This is a reply to Giacomo on twitter who wrote to me that while he doesn't think all of us who support Bitcoin Cash are liars, he does think we are all stupid. Especially anyone claiming to be an anarchist or libertarian.
------------ Most of the people on the small block side don't strike me as libertarians. Most are people who just got attracted to the large gains and bought into the promise that if they support the Core devs the gains will continue. These people come from many different political ideologies, but I see a good deal of left wing ideology in some of them.
Of the few genuine libertarians/anarchists that remain committed to Bitcoin (many, MANY have left), most of their views seem to look something like this: Bitcoin makes a great "base money". Similar but better than gold. As long as you have sound base money then you can always build financial systems on top of it that can facilitate things like transfers. Thus it doesn't matter if transactions fees blow out to $100 or $1,000 because most people never interact with the base layer, but rather the upper layers. In this view the main innovation of Bitcoin is "sound base money".
My view is the world was not in need of another sound base money when Bitcoin came along. Nor is that the main innovation Bitcoin brings to the table. The world has had sound base money for thousands of years... gold coins, silver bars, etc. They are as decentralized as you can get, scarce, and difficult to counterfeit. And one could make a strong argument that they even make better base money than Bitcoin due to the absence of the technological risks that Bitcoin possesses. But regardless, the world wasn't in need of "sound base money" when Bitcoin came along in 2009.
In fact the main problem with Gold was precisely that it required a "layer 2" system transact with (since transacting directly with gold coins is cumbersome and unwieldy). If you know the history of the gold standard, particularly in the US but also elsewhere, the "layer 2" (the banks and financial institutions) fell victim to cronyism. The banks themselves engaged in regulatory capture to pervert the system in their favor to increase profits while undermining the soundness of the base money. And governments were all too eager to oblige them as long as they got their cut as well.
So the layer 2 system ended up being too easy to control and manipulate and became the cause of the downfall of gold standard. What libertarian Bitcoiners who hold the views above are fundamentally advocating is to build the exact same type of gold-standard-like two layer system that failed so hard in the 19th and 20th centuries. Only this time with a digital asset instead of a physical asset as the base money.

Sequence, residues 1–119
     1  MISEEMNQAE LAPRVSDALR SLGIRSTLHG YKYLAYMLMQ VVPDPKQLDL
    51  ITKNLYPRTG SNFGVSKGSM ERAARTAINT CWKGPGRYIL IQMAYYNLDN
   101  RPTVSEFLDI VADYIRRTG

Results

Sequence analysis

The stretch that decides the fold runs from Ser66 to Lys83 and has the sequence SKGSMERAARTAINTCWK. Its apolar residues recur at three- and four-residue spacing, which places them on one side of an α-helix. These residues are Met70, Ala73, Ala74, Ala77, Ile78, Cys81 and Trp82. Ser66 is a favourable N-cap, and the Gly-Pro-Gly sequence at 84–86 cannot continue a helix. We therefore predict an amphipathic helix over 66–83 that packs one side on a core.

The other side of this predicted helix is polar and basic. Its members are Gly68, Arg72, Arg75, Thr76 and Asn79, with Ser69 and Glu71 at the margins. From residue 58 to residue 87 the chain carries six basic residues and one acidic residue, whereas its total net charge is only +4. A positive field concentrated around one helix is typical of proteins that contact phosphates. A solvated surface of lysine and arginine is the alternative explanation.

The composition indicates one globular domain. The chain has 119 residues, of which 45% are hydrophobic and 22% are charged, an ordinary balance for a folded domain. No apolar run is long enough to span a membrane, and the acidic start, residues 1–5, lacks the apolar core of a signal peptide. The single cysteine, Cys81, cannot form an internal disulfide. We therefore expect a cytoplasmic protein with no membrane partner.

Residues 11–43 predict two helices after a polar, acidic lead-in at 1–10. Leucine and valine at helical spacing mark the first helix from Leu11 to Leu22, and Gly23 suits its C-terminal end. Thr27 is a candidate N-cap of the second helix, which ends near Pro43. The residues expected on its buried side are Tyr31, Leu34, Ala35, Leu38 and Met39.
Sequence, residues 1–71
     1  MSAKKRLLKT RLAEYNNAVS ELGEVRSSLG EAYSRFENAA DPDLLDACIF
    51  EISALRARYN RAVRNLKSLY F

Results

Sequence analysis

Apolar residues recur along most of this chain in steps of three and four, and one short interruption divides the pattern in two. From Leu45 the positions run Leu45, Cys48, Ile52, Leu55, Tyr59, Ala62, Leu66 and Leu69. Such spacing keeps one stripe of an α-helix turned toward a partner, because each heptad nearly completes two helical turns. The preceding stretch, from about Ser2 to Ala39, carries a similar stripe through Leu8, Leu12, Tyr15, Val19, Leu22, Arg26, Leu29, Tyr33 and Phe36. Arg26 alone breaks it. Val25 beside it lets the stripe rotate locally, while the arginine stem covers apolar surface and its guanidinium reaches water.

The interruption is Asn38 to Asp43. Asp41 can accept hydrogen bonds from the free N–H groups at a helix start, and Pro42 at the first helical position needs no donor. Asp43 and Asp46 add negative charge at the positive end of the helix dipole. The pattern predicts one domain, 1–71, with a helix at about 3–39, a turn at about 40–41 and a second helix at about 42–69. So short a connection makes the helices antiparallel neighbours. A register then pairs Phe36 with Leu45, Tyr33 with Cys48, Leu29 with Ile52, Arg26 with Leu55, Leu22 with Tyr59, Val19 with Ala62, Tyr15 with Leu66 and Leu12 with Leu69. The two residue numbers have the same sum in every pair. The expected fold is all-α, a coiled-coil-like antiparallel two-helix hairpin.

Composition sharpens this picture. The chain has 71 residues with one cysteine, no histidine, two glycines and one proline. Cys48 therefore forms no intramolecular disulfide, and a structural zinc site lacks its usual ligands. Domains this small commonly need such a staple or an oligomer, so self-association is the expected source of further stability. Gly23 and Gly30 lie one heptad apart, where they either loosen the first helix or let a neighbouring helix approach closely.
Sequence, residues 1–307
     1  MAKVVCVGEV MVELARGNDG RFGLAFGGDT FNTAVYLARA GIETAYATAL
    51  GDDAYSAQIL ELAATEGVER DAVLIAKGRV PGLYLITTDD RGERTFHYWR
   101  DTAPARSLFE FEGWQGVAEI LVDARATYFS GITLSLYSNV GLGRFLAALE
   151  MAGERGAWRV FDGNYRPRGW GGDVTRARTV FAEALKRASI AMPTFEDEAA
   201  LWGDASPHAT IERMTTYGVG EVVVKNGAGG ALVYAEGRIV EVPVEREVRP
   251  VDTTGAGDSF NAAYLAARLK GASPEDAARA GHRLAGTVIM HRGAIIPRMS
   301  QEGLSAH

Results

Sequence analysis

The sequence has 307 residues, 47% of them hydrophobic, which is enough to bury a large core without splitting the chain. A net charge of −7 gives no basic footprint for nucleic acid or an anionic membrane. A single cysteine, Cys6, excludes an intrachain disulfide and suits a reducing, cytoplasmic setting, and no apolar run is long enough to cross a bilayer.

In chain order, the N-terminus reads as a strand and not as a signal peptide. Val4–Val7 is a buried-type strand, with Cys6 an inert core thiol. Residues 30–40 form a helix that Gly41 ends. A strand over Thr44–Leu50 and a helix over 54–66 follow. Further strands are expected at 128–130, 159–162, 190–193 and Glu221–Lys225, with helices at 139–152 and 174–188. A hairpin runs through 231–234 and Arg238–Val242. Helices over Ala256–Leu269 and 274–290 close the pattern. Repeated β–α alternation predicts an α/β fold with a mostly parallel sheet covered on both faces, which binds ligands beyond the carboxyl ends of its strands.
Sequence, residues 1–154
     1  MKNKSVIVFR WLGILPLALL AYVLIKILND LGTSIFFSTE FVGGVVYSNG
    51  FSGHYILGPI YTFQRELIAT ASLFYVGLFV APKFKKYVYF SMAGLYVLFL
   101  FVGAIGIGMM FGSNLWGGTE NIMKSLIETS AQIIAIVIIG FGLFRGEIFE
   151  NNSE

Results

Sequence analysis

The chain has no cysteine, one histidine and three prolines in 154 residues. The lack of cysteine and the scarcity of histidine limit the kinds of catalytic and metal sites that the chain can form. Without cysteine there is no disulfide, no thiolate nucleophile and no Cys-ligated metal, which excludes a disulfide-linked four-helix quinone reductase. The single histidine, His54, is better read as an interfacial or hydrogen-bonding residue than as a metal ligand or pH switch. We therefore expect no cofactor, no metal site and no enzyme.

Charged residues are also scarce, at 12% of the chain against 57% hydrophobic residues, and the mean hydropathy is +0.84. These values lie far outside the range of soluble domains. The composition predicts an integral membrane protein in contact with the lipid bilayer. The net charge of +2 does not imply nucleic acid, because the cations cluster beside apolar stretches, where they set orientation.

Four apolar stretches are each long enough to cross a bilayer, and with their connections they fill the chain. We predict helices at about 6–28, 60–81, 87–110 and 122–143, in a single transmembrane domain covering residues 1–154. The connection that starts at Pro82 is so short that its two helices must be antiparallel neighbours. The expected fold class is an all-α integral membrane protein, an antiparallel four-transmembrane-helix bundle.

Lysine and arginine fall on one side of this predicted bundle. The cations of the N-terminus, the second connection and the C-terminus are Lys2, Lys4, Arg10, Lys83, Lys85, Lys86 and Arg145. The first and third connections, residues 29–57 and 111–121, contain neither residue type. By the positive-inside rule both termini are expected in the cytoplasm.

My view is that the primary innovation of Bitcoin is not sound base money (it has that property but again, given the presence of gold, it's not really an innovation), but rather censorship resistant value transfer. The ability to transfer value WITHOUT going through the same corruptible middle men that brought down the gold standard system. Bitcoin is a money that was designed to be unregulatable and that property is fundamentally threatened by a system that says "you can only make an unregulated censorship-resistant payment if your payment is large enough and you can afford the $100 transaction fee".
Now you can say, "well that would be great if every payment could be censorship-resistant but the tech can't handle it". But I fundamentally disagree. Or at least I disagree at the scales we're talking about and are likely to see any time in the next 10 years. Again, the laptop I'm typing this on can fairly easily process 100mb blocks and possibly up to as much as 1GB blocks with some optimizations. Let's not pretend that every technical person believes Bitcoin cannot handle more than 1mb blocks. That is simply not true. I'm only one example of many, both inside and outside of academia. I actually think that view is the minority in the cryptocurrency technical community at large.
My goal is censorship-resistant unregulatable money. If we're not going make the optimizations needed to make that happen for everyone (not just those who pay the $100 fee), if we're just going to push payments off on to platforms that require middlemen, then I don't see a point. Rehashing the failed gold standard experiment, this time in digital form, isn't going to produce a different outcome.
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